Hiking through the humming forest along Guyana’s upper Potaro River in the deep dark of night, the American herpetologist slowly swung his flashlight, scanning for secretive creatures. In the narrow but bright beam, he caught the unusual glimmer of brilliant blue, sticking out of a small hole in a rotting stump.

“At first I quickly dismissed it – surely it was just the eye shine coming from a spider. But something was different, and I must have been subconsciously aware. Something made me go back. And it is a good thing I did,” biologist, conservationist and photographer, Andrew Snyder recalled.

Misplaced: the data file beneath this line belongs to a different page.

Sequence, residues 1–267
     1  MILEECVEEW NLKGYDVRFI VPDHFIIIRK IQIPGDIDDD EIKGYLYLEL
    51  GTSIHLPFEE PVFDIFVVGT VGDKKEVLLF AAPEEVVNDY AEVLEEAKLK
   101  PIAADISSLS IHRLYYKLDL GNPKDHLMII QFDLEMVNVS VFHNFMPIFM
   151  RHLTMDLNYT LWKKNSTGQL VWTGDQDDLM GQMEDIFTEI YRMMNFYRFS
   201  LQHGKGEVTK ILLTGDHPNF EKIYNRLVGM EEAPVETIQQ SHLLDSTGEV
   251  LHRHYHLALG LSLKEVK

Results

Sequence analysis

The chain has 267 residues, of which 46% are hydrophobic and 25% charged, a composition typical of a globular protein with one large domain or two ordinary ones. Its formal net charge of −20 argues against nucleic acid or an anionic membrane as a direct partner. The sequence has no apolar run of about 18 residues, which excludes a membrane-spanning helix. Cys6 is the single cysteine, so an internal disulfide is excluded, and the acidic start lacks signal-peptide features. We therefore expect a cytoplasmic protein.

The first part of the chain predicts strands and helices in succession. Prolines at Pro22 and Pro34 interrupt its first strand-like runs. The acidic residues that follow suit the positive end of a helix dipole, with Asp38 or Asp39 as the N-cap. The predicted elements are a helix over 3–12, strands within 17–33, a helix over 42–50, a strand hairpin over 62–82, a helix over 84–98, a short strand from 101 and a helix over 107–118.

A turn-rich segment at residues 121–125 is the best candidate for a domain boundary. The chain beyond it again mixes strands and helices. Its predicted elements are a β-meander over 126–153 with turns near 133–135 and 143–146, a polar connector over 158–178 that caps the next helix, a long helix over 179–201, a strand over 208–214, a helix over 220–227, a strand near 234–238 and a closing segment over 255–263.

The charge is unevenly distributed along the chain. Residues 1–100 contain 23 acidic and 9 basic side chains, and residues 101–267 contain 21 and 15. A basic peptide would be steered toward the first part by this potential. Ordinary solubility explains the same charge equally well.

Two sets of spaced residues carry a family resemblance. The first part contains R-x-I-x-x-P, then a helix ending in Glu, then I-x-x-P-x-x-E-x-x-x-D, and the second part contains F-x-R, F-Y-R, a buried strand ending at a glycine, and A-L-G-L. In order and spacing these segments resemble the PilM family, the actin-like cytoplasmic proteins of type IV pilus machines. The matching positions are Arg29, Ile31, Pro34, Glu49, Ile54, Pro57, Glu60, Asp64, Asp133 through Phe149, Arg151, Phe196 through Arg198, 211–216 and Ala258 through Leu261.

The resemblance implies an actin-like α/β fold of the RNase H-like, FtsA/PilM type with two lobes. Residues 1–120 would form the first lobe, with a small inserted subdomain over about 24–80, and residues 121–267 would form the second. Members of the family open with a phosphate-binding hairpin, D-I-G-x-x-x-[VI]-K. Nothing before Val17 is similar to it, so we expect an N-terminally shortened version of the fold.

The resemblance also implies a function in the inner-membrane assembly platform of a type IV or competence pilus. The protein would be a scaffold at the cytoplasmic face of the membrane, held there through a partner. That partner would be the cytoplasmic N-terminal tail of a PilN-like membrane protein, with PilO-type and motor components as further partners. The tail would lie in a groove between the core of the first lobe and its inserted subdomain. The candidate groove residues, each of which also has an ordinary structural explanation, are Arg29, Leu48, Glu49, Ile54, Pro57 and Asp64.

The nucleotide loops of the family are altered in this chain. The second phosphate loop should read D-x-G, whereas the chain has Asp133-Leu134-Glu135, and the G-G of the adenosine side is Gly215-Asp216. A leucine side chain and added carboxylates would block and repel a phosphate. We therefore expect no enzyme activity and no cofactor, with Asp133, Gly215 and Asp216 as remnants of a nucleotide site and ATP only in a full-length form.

Originally tasked with discovering amphibians and reptiles, the experienced Snyder used visual cues to promptly process images, honed from years of nocturnal surveys. “For some organisms, like snakes, it is a certain body shape, and for others, it can be a glint of eye shine. Many jungle organisms give off eye shine, caused by the reflection of your beam of light off of a membrane in the eye, and typically with a characteristic colour depending on the organism. Certain species of tree boa, for example, give off an orange reflection, which is purplish-orange in moths, and green-blue in spiders,” he explained in a guest blog for sponsor Global Wildlife Conservation (GWC)…..

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